LESLIE CRISS: Bravery, not Broadway, was this tourist’s first impression of NYC

By Leslie Criss/NEMS Daily Journal

“There exist some evils so terrible and some misfortunes so horrible that we dare not think of them, whilst their very aspect makes us shudder; but if they happen to fall on us, we find ourselves stronger than we imagined, we grapple with our ill luck, and behave better than we expected we should.”
– Jean de La Bruyere

“One belongs to New York instantly, one belongs to it as much in five minutes as in five years”
– Thomas Wolfe

My first visit to New York City took place only weeks after terrorists had taken out the Twin Towers of the World Trade Center.
I’d seen the towers before, gracing the city’s skyline in scenes from screens both big and small. But I never saw them in person.
My friend Lena Mitchell and I had been planning a trip to Spain. We were set to buy our plane tickets on Sept. 11, 2001. That purchase was put on hold for a time, until we decided whether we’d give in to our trepidation and not travel, or be bold and fearless sojourners.
We chose to press on.
In early October, less than a month after 9-11, we flew to New York, en route to Spain, and spent the weekend with a mutual friend living in the city. She was in class our first evening in the Big Apple, so Lena and I ventured out on our own, ending up at the Empire State Building.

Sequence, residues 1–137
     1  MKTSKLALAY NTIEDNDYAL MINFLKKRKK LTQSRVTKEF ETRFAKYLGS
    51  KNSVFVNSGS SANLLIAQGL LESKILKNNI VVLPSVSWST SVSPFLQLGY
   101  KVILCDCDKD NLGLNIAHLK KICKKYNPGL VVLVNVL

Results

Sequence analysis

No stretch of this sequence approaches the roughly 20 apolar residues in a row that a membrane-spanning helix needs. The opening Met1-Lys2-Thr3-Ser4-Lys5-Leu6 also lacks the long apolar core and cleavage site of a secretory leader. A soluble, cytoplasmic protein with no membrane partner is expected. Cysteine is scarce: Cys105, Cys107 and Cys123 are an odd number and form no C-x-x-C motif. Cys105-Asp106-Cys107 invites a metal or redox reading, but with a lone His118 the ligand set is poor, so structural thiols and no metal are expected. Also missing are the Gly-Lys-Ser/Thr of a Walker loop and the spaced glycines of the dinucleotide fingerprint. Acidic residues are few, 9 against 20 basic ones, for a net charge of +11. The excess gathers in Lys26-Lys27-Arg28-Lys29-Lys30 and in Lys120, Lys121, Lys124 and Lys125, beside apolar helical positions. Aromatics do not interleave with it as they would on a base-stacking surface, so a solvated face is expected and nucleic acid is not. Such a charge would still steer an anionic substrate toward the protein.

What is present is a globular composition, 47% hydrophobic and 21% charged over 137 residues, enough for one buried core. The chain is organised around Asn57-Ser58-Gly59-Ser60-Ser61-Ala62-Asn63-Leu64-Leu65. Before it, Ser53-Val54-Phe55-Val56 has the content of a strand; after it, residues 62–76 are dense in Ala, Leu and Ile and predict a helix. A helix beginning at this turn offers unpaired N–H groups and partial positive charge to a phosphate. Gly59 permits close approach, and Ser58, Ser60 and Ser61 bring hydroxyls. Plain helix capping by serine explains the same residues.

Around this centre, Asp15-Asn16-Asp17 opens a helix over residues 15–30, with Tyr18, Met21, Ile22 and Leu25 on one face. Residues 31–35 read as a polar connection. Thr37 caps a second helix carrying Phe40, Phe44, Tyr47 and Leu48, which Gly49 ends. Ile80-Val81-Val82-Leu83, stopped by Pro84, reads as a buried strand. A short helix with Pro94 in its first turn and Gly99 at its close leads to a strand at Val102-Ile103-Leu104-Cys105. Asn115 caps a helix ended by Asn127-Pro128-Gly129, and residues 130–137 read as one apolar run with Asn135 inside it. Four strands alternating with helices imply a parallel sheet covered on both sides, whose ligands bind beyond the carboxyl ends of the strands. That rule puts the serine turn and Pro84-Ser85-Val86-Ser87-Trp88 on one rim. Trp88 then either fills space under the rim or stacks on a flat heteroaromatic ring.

We made the speedy, tummy-tumbling trip to the top and stepped out onto the observation deck.
My initial view of the city that never sleeps was breathtaking. Then I turned to get a different view, and my heart broke as I gazed down on Ground Zero.
Human beings and heavy machinery, looking tiny from my spot above, worked tirelessly below. They would work through the night and into the days ahead.
On Saturday afternoon, the three of us walked toward where the towers had recently stood tall. Police officers and fire fighters stood guard at every corner, at every turn, keeping tourists like us at a safe distance from that place where nearly 3,000 human beings lost their lives.
A refrigerated truck from a favorite seafood seller in Biloxi passed me as it left Ground Zero, and someone’s comment from the street made me realize it was not there to haul shrimp.
I remember the still-hovering dust. I remember the signs and photos pleading for news of missing loved ones.
I remember the tenacity – and the hopefulness – of those in the city. I remember residents’ resolve to rebuild.
And that’s when I fell in love with the city of New York.


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